reactive current or capacitance may be flagged for replacement.

Any surplus HV cap that has a measured capacitance that is significantly
_lower or higher_ versus the nominal faceplate value (allowing for
expected tolerance) or that shows bulging or leakage should be avoided
by the HV experimenter/surplus scrounger. The capacitor has already
partially failed and will only further degrade over time.

Bert

Terry Oxandale wrote:
> Sorry, can't remember. Too many birthdays since then.
>
> -----Original Message-----
> From: Tesla [mailto:tesla-bounces@xxxxxxxxxx] On Behalf Of Ed
> Sent: Saturday, May 20, 2017 7:05 PM
> To: Tesla Coil Mailing List <tesla@xxxxxxxxxx>
> Subject: Re: [TCML] **External Email** Re: Utility PFC Caps
>
> Which way did the capacitance 'migrate'  Low or high?
>
> Ed
>
>
> On 5/20/2017 4:36 PM, Terry Oxandale wrote:
>> We would remove these caps from the bank once they migrated outside a specific tolerance, typically 2-3 per year, and hopefully before an internal rupture occurred (bulging).
>>
>> Sent from my iPhone
>>
>>> On May 20, 2017, at 10:15 AM, David Rieben <drieben@xxxxxxx> wrote:
>>>
>>> Hi Bert, (and Terry, if you're still following this thread),
>>>
>>> Yes, I was rather pleasantly surprise to find that the more updated dielectric system of these types of caps renders their latent dissipation factor suitably low for the rapid cycle pulse discharge duty of being employed as the main tank cap of a large RSG/pole pig driven Tesla coil. I was also quite surprised to locate this type of cap in a relatively low capacitance, thus rendering their C within a suitable range for Tesla coil usage  in combo with an adequate ceiling voltage rating (13.8 kVAC). Locating more than one of these identical 0.25 uFd rated (single phase) units meant the possibility of seriesing just two to obtain 0.125 uFd @ a whopping 27.6 kVAC rating! Their GE model # is 9L18CCL101 (whatever that means) and the only drawback is the single bushing (w/casing ground). However, this minor caveat can easily be addressed by simply 'floating' their seriesed outer casings and using the two bushings as the inputs. Not that I really needed these, but considering the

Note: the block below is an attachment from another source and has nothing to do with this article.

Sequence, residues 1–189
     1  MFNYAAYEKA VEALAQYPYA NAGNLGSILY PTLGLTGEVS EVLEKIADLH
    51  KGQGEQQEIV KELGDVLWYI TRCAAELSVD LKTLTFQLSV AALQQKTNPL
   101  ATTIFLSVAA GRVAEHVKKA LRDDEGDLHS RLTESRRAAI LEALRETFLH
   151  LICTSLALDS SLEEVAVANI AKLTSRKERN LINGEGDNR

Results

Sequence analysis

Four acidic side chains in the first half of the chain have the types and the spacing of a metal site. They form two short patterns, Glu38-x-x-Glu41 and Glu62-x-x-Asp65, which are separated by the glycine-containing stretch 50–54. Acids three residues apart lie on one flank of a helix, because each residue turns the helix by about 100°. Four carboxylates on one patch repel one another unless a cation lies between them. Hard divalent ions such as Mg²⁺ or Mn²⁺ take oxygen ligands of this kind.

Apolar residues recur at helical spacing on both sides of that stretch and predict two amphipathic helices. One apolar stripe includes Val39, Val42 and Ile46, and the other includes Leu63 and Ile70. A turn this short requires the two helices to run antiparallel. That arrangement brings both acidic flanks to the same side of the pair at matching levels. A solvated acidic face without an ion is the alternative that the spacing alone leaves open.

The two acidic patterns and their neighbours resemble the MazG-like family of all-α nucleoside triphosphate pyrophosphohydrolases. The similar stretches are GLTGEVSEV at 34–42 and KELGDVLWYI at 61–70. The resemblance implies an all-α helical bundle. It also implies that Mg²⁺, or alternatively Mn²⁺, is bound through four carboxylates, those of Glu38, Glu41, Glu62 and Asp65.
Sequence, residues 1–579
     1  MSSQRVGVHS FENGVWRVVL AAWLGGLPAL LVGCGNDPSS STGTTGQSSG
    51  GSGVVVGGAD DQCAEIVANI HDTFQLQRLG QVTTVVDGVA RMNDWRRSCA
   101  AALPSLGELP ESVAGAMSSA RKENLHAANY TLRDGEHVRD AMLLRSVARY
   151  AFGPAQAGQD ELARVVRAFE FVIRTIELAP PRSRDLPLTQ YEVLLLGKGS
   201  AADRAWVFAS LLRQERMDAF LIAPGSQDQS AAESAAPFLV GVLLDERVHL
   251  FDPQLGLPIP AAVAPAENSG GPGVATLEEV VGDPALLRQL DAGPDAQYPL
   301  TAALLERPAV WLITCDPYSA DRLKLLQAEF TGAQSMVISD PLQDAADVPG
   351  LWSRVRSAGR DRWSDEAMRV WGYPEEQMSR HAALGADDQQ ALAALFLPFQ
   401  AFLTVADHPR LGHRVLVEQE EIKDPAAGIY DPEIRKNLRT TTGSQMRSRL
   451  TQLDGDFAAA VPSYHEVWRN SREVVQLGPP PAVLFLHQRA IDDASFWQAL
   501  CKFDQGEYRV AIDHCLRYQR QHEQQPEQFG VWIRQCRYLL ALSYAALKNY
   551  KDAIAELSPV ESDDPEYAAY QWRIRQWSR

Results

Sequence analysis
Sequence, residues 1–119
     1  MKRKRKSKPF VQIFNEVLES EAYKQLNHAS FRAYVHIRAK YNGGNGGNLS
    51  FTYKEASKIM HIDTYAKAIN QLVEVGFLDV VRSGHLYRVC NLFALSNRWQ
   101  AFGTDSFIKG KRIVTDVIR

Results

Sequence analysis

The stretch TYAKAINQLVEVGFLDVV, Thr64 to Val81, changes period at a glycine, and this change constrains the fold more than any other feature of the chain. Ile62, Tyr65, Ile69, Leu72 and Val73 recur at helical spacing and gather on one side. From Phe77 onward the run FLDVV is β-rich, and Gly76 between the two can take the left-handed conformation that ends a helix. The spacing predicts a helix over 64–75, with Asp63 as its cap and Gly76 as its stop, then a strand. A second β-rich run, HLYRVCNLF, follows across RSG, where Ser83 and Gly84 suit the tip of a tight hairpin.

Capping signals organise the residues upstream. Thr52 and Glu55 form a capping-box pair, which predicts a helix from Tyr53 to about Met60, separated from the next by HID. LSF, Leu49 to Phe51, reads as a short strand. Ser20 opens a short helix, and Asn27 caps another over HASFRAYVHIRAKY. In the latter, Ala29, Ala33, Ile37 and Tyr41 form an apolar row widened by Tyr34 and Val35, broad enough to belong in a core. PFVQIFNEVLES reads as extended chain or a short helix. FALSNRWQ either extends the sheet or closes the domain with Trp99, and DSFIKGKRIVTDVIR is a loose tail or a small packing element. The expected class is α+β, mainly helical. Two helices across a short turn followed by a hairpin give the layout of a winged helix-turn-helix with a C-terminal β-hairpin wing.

>  o
>>   ft
>>> en fickle nature of availability of affordable capacitors of this caliber, I like to keep a good supply of suitable replacements in case the 0.1 uFd @ 75 kVFD Maxwell pulse cap that I am currently using in my big coil lets out its 'magic smoke' ;-))
>>>
>>> I have two of these ~33 lb. beasts on their way to me now. They are used with no guarantee, but having no visible 'bulging' of the outer casing and having been simply removed from decommissioned switch gear in a fully operational environment, I figure the odds are pretty high that these beauties are still quite functional and well within their nameplate specs. The real kicker is that I will have <\$150 in both of them, including S&H :-) Gotta love that!
>>>
>>> Happy sparking,
>>> David
>>>
>>>
>>>
>>>
>>> Sent from my iPhone
>>>
>>>> On May 18, 2017, at 11:22 AM, Bert Hickman <bert@xxxxxxxxxxxxxxxxxxxxx> wrote:
>>>>
>>>> Hi David,
>>>>
>>>> Your plan sounds excellent. As Terry mentioned, you really don't want to tear into these caps. I've also been there, done that, while autopsying a failed/ruptured 175 pound GE pulse cap. NEVER again - what a MESS... :^/
>>>>
>>>> Even worse, unlike castor oil or mineral oil, many of the low-flammability dielectric fluids that GE (and others) used were really nasty, foul-smelling solvents. When the cap failed, the leaking fluid literally "ate" the backing off the indoor-outdoor carpeting below.
>>>>
>>>> Your two caps in series should work great just as they are, while increasing the bang size a bit. A little tweak on tuning and ballasting and they work great. And, they should be virtually bullet-proof.
>>>>
>>>> Play safely and make big sparks,
>>>>
>>>> Bert
>>>>
>>>> David Rieben wrote:
>>>>> Hi Bert, (and Terry O),
>>>>>
>>>>>
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>
>